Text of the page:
It is 300 years in the future, and seventeen year old Tora lives all alone in an underground shelter. The earth is quickly dying because the sun has become a red giant and is burning up everything as it dies. Her mother and sister were killed when they ventured outside and were burned alive by the sun. Her father, an engineer for the government, was killed by that government, so Tora can trust no one. She knows that her only hope is to escape from Earth to someplace else in the Universe, but she has no idea where to go and no spaceship – only the deadly weapons that her father had created that only she can fire because he set them to her biometrics. She doesn’t know if anyone else is even alive on Earth, but she sends out a broadcast every day, just in case. A family friend, Marcus, appears one day; and her world actually becomes worse.
Any high school Sci-Fi reader will love this book. It is also a type of political commentary because the government that is supposed to be trying to save the world is actually out to save themselves. I recommend it for high school readers and up because it is rather violent and there are sexual references.
Zach is injured when Amp, the alien he is hiding, borrows the brake cable from his bike. Amp used it to work on a machine he needs to get back to his home planet. While he is incapacitated at home, Zach has to figure out how to do his homework, how to help Amp get back to his home planet and stop the invasion of Earth, and how to keep his nosy little brother from finding out about Amp.
This is a funny, fast-paced little book for grades three through five. Nate Ball, a mechanical engineer, introduces the reader to several science concepts and vocabulary that supports the concepts he has introduced. He has also, at the end of the book, included an experiment on building an egg decelerator. The information is easy-to-read and should be fun for any student interested in science
The reader is also given a preview of the next book in the series following the experiment. This preview will cause young readers to beg for the next book in the series. I would recommend the purchase of On Impact! for any elementary library.
The reader or teacher can also find Common Core resources for this book at http://www.readcommoncore.com .
Get ready to be afraid – very afraid!
Jeff has just had his world come crashing down around him. His father explains that all he ever knew about himself was a lie. His mother did not die; she didn’t even really exist. His father wasn’t his real father; he wasn’t even really fourteen years old. He was part of a secret government project, DSTI, to create killing machines using DNA from serial killers, and he is a clone of Jeffery Dahmer. Then, his father leaves him and, for whatever reason, sets free all the clones still living at the Massey Institute, which he succeeds in doing; thus setting a group of killer clones loose in the U.S.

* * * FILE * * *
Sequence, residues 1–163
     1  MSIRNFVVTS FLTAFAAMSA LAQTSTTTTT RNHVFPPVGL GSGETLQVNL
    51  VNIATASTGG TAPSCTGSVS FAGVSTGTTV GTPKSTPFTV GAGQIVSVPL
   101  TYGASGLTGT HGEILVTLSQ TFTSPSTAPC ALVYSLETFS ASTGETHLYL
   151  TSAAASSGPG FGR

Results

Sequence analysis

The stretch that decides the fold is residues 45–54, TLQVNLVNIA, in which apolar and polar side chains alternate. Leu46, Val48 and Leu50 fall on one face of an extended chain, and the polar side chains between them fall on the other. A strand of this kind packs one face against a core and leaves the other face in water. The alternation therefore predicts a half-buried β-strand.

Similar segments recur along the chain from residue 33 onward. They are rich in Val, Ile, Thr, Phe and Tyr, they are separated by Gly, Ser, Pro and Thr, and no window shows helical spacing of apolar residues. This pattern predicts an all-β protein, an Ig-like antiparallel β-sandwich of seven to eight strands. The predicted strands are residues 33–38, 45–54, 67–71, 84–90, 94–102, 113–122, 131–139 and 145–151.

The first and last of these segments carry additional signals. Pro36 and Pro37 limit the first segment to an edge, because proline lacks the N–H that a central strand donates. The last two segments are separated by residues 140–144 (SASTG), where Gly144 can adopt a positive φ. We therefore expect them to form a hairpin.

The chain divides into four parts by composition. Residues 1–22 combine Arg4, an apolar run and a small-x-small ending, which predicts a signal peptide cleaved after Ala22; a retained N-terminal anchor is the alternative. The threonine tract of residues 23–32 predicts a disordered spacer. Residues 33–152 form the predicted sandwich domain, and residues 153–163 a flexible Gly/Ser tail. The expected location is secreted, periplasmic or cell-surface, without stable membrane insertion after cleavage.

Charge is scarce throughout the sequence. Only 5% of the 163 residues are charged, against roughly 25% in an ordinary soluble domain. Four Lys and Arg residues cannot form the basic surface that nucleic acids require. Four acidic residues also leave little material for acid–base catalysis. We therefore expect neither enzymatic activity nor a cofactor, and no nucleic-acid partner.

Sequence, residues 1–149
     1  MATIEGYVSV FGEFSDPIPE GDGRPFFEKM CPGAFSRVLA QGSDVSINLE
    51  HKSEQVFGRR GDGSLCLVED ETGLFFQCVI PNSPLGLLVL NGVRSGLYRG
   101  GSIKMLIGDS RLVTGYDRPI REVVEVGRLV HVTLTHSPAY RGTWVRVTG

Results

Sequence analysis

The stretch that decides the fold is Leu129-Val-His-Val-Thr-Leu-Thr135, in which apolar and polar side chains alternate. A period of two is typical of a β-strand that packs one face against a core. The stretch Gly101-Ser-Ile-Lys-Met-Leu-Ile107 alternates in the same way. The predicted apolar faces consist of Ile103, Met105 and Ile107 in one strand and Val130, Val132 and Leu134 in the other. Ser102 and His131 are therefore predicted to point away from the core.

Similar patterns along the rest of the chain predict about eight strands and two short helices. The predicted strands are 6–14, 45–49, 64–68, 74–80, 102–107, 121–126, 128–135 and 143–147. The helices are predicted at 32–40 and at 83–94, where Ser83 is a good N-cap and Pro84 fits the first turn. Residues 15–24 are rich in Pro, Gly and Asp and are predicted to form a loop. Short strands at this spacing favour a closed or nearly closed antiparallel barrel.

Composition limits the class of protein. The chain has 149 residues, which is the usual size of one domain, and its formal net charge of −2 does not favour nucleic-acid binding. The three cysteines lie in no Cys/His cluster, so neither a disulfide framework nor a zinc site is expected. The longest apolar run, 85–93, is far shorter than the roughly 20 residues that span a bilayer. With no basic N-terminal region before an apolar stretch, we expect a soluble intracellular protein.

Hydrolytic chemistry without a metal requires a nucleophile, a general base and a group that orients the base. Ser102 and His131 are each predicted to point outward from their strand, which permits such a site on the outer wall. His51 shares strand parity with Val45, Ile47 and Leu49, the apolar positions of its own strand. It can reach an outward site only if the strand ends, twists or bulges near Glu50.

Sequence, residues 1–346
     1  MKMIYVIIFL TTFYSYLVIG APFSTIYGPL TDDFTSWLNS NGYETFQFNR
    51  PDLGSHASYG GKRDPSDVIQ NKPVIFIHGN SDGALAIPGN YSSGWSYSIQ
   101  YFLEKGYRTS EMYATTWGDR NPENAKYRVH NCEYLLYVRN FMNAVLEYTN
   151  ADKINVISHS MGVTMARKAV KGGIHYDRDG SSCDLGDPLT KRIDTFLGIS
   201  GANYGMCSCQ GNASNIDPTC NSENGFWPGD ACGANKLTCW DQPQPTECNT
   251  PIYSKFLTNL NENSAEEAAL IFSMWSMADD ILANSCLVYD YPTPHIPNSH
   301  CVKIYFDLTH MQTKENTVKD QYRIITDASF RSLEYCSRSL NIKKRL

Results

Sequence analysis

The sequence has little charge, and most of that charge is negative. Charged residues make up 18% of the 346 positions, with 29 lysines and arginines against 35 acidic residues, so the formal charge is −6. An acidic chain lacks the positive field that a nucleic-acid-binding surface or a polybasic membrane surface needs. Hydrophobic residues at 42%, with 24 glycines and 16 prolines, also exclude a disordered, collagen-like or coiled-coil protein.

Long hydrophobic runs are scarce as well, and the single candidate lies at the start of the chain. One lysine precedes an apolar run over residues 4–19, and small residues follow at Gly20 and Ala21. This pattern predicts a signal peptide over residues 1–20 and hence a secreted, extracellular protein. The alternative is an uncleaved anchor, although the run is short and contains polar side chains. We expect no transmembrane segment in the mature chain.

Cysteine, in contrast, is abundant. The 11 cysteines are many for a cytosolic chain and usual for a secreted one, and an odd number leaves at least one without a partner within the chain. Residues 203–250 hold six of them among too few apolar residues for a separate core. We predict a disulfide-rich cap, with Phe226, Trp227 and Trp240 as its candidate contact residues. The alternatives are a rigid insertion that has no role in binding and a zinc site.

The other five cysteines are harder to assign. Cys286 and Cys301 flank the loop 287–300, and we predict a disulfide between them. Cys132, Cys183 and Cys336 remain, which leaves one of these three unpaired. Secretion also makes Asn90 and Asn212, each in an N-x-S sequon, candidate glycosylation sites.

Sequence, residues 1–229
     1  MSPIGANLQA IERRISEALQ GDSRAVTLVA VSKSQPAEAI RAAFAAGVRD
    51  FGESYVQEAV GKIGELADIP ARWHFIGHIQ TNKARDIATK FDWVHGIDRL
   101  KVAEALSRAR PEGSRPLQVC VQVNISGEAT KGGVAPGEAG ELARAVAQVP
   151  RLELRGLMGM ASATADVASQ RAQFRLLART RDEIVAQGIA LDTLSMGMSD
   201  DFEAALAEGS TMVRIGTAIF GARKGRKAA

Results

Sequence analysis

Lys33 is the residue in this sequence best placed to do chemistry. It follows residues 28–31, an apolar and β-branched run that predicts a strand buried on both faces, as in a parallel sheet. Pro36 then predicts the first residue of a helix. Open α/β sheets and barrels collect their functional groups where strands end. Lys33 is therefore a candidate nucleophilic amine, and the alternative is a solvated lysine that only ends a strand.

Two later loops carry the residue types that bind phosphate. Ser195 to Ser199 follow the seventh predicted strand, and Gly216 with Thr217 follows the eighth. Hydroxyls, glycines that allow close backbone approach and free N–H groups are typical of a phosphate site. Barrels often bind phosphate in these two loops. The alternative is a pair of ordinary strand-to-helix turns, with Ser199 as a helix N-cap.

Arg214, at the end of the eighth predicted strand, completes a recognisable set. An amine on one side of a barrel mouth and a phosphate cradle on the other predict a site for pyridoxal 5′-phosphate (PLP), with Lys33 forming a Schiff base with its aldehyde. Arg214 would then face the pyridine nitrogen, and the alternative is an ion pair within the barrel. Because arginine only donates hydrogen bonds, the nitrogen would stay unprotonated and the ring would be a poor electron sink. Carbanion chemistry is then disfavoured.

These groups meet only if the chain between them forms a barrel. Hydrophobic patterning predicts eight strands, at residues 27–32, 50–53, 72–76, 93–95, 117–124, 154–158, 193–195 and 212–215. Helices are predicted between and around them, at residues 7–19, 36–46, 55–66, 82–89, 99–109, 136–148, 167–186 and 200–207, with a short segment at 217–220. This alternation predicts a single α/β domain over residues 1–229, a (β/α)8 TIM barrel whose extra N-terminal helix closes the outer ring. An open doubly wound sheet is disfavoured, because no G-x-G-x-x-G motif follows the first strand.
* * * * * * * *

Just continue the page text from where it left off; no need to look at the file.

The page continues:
A rogue agent from DSTI, named Castillo saves Jeff from being taken by either DSTI or the killer clones. The killer clones begin a killing spree across the U.S, and Castillo and Jeff have to track down the killers using the notes Jeff’s “father” left. Jeff also has some type of psychic connection to the killers, but he begins to realize that the connection works two ways. There may be more to this story to follow.
Nature or Nurture has always been the big question about criminals. Girard has given us a thought-provoking work couched in the plot of a horror sci-fi book. He also tells us about real secret government projects that have involved using humans as guinea pigs – some of which the reader may know about, and others, which- after a good internet search- the reader will come to realize are only too true. Could the events really happen? The answer is, unfortunately, a resounding YES. The story is written for high school students, but although it is dark and somewhat violent, it could be read by a good middle school reader.
I don’t have a picture for this book because I read a “prepub” edition, but I think it deserves to be looked at when it is published. Here is the review I sent to the publisher:
Alexander has given us a whole new way of looking at aliens – both human and non-human. Gabe is an ordinary boy who thinks his summer will be the usual thing of playing with his friends and helping his parents care for his twin siblings. His world is turned upside down when an alien named the Envoy invites him to be Earth’s ambassador to the Universe and thus to save the Earth. This excites Gabe, yet he doesn’t understand how he, as a boy, can help save the world.
At the same time, his parents are arrested because they are illegal aliens and his parents are in danger of being deported. A neighbor offers to take care of Gabe and the twins because they are American citizens. His older sister has gone into hiding because she, also, is an illegal alien. Gabe had no idea that his parents were not American citizens, and he also has no idea how to save his family.
As an ambassador, Gabe learns about conflict resolution, about talking of similarities of the inhabitants of the universe, and about trying to solve problems rather than fighting. He still doesn’t know what he can do to save his family, but he knows that anger will not solve his problems.
This is an excellent book to help younger readers see that they are not alone with their conflicts. It may help readers learn methods of communication, which are so very necessary in our world. It would appear that there may be more stories of Gabe, the ambassador to come. If that is true, I trust they will continue along the same line. I recommend this book for the elementary library. The publisher is Simon and Schuster.